This research report explores how state and non-state parties can grant their peace agreements legal status through domestic law. In particular, it provides a typology for how parties have granted peace agreements legal status through these domestic processes and evaluates the benefits and risks of each legalization route. The report concludes with a set of factors parties in the future should consider when attempting to do the same.
The report argues that, while state and non-state parties to a peace agreement have great interest in giving it a legal status, only agreements between states are granted treaty status under international law. Domestic law, therefore, can be (and has been) one way to legalize the entirety of their agreements. By turning to domestic law, parties must think carefully about how best to bring their state’s legal order in line with the terms of the peace agreement, many of which may reorganize the nature of the state itself. This report also emphasizes that the design of the legalization process can have enormous implications for the success of the post-conflict implementation period. Poor design can open the door to successful challenge by spoilers, to the frustration of implementation efforts, and even, in part, to resumption of the conflict. It is thus paramount that parties and practitioners both understand the options available to them and their associated risks.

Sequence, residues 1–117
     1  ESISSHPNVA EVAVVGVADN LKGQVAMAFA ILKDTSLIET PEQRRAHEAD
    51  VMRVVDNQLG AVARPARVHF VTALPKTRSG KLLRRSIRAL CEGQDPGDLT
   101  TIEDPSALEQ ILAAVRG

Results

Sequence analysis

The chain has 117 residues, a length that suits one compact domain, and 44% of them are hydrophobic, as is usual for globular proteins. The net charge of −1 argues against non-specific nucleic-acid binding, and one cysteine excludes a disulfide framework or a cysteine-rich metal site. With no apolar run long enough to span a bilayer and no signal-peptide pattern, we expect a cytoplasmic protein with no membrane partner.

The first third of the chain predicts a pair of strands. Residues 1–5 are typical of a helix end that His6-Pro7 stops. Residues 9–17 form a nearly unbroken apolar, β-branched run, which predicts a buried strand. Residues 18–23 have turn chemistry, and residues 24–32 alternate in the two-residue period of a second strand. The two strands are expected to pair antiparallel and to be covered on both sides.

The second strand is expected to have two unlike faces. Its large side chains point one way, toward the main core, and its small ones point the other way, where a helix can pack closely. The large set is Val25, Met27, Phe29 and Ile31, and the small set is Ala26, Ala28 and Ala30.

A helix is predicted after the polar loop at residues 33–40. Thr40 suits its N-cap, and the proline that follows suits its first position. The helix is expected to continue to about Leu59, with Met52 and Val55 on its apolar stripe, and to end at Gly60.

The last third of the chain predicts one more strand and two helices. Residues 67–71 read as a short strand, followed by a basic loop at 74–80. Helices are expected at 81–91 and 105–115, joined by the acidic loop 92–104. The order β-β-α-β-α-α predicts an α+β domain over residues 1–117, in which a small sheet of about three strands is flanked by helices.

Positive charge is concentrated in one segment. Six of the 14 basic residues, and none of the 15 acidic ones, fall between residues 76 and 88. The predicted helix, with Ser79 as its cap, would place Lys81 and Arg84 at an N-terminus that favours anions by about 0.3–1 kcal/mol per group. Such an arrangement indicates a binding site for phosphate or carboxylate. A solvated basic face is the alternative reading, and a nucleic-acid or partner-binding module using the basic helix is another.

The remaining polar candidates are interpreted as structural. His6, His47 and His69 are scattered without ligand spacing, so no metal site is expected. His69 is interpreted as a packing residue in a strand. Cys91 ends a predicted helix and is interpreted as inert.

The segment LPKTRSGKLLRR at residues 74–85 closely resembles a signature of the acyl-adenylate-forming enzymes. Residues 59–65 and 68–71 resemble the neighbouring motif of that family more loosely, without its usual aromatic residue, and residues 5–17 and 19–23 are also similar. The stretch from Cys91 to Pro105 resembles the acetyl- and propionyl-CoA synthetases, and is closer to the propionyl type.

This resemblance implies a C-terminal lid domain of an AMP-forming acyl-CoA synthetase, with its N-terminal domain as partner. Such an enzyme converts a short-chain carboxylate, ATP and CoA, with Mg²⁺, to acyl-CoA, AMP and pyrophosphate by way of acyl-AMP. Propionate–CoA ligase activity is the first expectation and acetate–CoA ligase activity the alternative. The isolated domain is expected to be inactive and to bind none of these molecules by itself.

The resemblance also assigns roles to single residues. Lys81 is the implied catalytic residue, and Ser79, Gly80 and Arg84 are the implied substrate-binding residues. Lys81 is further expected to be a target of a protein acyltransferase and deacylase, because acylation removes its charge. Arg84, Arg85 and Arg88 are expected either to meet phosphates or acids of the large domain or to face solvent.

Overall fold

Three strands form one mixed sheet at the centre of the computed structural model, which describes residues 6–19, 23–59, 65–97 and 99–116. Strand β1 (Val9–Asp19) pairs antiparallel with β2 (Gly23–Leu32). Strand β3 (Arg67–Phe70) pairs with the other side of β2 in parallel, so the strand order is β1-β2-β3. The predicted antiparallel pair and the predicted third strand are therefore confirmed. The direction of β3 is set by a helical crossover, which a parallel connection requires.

The first part of this report draws on comparative examples to provide a comprehensive description of what each of those options can and have looked like. The second part puts forward a set of factors parties and practitioners can use to evaluate which choice may best fit their particular context. In doing so, it fills a gap in the literature on the legal status of peace agreements, which has thus far focused predominantly on international law’s potential to grant legal status.